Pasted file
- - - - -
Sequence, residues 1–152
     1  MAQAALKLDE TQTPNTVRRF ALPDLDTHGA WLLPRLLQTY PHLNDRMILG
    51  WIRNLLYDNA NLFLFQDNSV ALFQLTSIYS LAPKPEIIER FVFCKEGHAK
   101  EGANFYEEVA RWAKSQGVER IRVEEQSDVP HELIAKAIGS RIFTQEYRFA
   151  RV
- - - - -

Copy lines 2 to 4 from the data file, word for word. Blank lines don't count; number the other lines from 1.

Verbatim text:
     1  MAQAALKLDE TQTPNTVRRF ALPDLDTHGA WLLPRLLQTY PHLNDRMILG
    51  WIRNLLYDNA NLFLFQDNSV ALFQLTSIYS LAPKPEIIER FVFCKEGHAK
   101  EGANFYEEVA RWAKSQGVER IRVEEQSDVP HELIAKAIGS RIFTQEYRFA